Ghomeshi Case: Gender Politics in the Court of Public Opinion


I rarely wade into the murky waters of gender politics, particularly as they relate to my profession, but the recent case of R. v. Ghomeshi cries out for comment.

More than enough ink has already been spilled about the verdict, the evidence, and all the attendant side shows. But what really stood out for me in the Ghomeshi case was the staggering amount of commentary about the fact that female complainants were, gasp, being cross-examined by a woman! And the corollary to that, sometimes explicitly expressed, was that Ms. Marie Henein was a traitor to her gender for taking on the case.

As a female member of the Defence Bar I have my own share of stories of the differences in perception of males and females in criminal law, but the commentary about Ms. Henein during the Ghomeshi case was beyond anything I could have imagined. Hello –it’s 2016! Ms. Henein was vilified in some circles, very publicly, for the fact that she did what a criminal defence lawyer is supposed to do: she exposed all the weaknesses in the Crown’s case. She did it thoroughly, professionally, and exceptionally well. Her gender was completely irrelevant – or should have been. And when she wasn’t being condemned to the “seventh circle of hell” for her laser sharp conduct of the case, she was the focus of discussion about her clothes, or shoes.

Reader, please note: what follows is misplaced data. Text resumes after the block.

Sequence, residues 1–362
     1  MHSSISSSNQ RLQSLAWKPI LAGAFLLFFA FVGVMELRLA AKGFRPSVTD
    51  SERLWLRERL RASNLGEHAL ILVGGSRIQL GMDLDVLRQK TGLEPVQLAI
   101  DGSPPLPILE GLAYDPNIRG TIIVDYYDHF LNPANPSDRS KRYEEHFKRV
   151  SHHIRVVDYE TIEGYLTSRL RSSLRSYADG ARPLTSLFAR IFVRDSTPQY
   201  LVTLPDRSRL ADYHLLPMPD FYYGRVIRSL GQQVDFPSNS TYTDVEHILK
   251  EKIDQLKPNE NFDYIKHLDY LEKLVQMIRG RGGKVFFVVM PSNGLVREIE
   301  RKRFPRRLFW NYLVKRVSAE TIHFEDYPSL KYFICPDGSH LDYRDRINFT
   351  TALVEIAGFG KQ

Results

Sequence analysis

Imagine, if you can, a male defence lawyer being criticized for vigorously cross-examining someone accused of a crime against another male. Imagine, if you can, counsel such as the late and greatly missed Mr. Edward Greenspan being the subject of commentary about his sartorial choices:

“Today Mr. Greenspan was wearing a well-tailored suit, with a tasteful tie….”

That’s right: you can’t imagine it. Because that would never happen.

Perhaps the saddest part of the whole story is that the worst, most vituperative criticism came from other women. Other women who should be proud that one of us has advanced so far in what is, essentially, still a male dominated profession. Other women who can and should admire Ms. Henein for her trailblazing work. She is at the top of her profession because she is incredibly smart and works incredibly hard.

Justice we are told, is blind. Blind means also being indifferent to gender. I cross-examine complainants regularly. Many of them are female. I believe I am professional. I know I am tough. And at the end of the case, what matters to me is not how I was perceived as a female lawyer, but how hard I fought for my client.

And gender politics be damned.

Ruth Roberts, Criminal Defence Lawyer

Bonn Law, Trenton/Belleville, ON